|Former Deputy Minister of Health Cao Minh Quang at the first-instance trial in Hà Nội on Monday morning.—VNA/VNS Photo Phạm Kiên|
HÀ NỘI — The People’s Court of Hà Nội on Monday morning opened the first-instance trial of former Deputy Minister of Health Cao Minh Quang and eight other defendants over a medicine deal that caused more than US$3.8 million in damages to the State budget.
The charges centre around the purchase of medicines to prevent and control the influenza A(H5N1) epidemic between the health ministry and Cửu Long Pharmaceutical Joint Stock Company.
The trial is set to last for five days and the panel, chaired by Judge Vũ Quang Huy, consists of three members.
Three prosecutors of the Supreme People's Procuracy and the Hà Nội People's Procuracy are assigned to exercise the right to prosecute and supervise at the trial.
Quang and four defendants, who are former officers of the ministry, were charged with "lack of responsibility, causing serious consequences," according to the provisions of Article 285, Clause 2 of the 1999 Penal Code.
Those four defendants are Dương Huy Liệu, former director of the ministry’s Planning and Finance Department; Nguyễn Nam Liên, former deputy director of the ministry’s Planning and Finance Department cum deputy head of the ministry’s Management Board of the plan for prevention and control of influenza A/H5N1 epidemic; Phạm Thị Minh Nga, former chief accountant of the Management Board; and Nguyễn Việt Hùng, former deputy director of the ministry’s Drug Administration of Việt Nam.
Three other defendants are Lương Văn Hóa, former general director of the company; Nguyễn Văn Thanh Hải; former chief accountant of the company; Ngô Hữu Hiếu Nghĩa, director of the company’s branch in HCM City and head of the company’s Export and Import Office. They are charged with "abusing positions and powers while performing official duties" according to the provisions of Article 356, Clause 3 of the 2015 Penal Code.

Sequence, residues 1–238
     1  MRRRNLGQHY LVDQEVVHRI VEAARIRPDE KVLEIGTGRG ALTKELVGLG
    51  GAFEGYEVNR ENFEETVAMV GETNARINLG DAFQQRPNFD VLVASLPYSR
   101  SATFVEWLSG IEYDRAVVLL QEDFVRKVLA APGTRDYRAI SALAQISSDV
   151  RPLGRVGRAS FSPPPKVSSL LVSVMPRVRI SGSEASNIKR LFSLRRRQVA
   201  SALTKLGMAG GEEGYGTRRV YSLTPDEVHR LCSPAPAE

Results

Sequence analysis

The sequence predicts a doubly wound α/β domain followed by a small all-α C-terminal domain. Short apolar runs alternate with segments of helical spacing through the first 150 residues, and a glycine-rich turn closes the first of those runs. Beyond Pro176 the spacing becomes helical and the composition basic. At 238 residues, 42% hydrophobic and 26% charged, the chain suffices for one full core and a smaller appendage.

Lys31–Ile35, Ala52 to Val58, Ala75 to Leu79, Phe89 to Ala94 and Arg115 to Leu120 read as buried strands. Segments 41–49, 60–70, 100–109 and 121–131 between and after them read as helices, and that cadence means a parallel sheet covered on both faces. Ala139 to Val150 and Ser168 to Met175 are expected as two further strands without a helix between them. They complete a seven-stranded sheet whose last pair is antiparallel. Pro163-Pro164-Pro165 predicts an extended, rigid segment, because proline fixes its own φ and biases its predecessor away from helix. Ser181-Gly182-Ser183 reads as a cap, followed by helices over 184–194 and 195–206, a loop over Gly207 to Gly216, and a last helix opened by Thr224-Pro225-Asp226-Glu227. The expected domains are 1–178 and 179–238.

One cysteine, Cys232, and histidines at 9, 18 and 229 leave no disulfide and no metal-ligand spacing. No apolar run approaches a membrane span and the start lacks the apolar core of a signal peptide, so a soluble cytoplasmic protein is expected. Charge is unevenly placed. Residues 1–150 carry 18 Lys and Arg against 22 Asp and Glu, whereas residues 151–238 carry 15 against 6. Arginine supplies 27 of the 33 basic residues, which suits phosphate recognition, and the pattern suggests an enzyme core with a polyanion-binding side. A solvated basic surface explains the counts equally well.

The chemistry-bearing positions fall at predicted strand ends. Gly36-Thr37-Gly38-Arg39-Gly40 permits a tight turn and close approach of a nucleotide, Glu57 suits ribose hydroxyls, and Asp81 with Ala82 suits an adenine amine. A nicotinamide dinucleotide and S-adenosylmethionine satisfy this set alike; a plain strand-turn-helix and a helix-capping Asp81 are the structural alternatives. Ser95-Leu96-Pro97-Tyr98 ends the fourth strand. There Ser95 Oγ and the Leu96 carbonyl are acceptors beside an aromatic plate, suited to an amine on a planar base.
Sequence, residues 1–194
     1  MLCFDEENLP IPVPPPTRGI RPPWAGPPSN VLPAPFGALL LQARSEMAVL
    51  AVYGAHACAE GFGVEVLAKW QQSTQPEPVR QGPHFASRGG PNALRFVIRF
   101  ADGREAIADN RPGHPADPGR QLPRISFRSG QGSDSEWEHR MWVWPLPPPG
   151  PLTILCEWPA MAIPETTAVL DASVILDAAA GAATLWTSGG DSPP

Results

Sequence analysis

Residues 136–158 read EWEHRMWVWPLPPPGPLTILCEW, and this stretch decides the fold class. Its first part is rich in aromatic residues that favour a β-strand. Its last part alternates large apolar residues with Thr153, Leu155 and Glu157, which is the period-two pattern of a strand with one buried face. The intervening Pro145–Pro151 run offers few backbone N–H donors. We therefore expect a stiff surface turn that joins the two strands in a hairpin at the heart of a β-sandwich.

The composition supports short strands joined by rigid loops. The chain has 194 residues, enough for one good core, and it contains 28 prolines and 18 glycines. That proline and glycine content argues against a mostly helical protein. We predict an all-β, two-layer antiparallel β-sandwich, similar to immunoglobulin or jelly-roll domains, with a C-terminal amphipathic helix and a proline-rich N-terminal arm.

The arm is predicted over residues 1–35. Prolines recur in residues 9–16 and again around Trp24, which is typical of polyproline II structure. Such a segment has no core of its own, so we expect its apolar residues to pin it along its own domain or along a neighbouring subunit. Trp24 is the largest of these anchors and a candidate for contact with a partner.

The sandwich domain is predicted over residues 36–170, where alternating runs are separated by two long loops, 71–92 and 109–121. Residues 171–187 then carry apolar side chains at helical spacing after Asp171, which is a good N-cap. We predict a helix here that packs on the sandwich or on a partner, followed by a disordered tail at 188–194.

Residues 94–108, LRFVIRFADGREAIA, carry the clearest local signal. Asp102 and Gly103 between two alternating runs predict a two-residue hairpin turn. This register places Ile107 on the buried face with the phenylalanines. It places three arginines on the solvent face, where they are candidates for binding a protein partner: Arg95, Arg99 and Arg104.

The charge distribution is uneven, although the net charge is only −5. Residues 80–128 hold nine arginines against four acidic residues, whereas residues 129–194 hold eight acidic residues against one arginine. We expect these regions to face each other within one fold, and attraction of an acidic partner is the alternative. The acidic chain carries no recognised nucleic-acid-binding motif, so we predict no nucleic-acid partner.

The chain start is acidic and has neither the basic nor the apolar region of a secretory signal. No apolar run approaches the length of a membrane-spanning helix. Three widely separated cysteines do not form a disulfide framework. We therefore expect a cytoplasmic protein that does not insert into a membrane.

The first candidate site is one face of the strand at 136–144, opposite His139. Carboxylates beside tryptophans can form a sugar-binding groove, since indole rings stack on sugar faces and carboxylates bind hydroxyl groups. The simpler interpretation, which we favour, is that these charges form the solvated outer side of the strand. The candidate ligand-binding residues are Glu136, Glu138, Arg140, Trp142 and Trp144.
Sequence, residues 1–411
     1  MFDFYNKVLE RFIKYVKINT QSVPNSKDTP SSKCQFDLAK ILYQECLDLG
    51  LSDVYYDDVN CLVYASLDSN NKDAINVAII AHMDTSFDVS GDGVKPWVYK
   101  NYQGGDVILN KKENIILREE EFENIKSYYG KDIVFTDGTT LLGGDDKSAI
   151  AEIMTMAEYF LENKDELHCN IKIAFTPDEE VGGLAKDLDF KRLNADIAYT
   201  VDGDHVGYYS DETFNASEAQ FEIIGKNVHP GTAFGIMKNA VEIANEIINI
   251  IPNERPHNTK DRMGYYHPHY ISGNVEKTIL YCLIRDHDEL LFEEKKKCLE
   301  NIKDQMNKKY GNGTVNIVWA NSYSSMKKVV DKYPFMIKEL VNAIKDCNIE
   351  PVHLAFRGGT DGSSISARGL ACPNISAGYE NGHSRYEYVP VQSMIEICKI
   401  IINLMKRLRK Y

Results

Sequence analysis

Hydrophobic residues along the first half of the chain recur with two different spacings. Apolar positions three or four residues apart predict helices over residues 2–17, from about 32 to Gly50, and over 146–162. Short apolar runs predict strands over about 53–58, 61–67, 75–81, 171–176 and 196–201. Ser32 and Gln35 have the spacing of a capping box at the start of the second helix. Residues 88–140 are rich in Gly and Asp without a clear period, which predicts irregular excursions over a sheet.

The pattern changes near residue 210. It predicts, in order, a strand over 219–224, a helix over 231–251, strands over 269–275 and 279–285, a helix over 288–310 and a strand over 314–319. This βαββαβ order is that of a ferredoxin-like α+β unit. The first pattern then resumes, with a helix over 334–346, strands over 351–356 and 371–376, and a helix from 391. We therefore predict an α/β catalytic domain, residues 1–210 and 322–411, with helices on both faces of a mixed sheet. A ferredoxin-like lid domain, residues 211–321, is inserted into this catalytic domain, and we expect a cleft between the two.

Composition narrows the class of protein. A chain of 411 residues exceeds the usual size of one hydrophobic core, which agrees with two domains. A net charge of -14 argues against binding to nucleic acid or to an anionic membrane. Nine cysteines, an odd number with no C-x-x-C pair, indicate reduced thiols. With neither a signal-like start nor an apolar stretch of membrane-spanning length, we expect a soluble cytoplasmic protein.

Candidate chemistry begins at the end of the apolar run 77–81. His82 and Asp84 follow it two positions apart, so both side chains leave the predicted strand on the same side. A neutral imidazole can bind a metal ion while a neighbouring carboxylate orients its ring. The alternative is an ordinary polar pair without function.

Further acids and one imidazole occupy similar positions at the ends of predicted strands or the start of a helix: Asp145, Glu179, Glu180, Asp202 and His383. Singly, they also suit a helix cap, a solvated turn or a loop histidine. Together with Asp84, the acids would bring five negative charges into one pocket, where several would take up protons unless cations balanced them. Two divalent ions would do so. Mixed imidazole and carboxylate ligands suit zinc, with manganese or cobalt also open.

According to the indictment, in 2005, while the influenza A/H5N1 epidemic showed complex developments, the health ministry ordered the company to manufacture Oseltamivir drug from imported raw materials.
The purchase price of the drug is determined on the basis of the price of raw materials negotiated with a foreign supplier.
If the company negotiated to reduce the price of raw materials, the authorities would consider adjusting the price of the drug.
In 2006, the company imported 520kg of raw materials with a price of US$9.1 million from a foreign partner. The company already paid $5.252 million while the remaining $3.848 million was set to pay six months later from the date of receiving the raw materials.
However, the foreign partner then reduced the purchase price of the raw materials by $3.848 million for the company.
However, Hóa directed his subordinates to legalise business reports and documents to conceal the price reduction to illegally keep the amount of $3.848 million.
At that time, Quang was assigned to lead the steering committee to deal with issues related to Tamiflu, raw materials and Oseltamivir.
Quang knew that the company did not pay the amount of $3.848 million to the foreign partner but he did not direct relevant units to further clarify.
Later, the Ministry of Finance continued sending an official dispatch requesting the health ministry to clarify but Quang still failed to fulfil his assigned duties, allowing the company to embezzle and illegally use the money. — VNS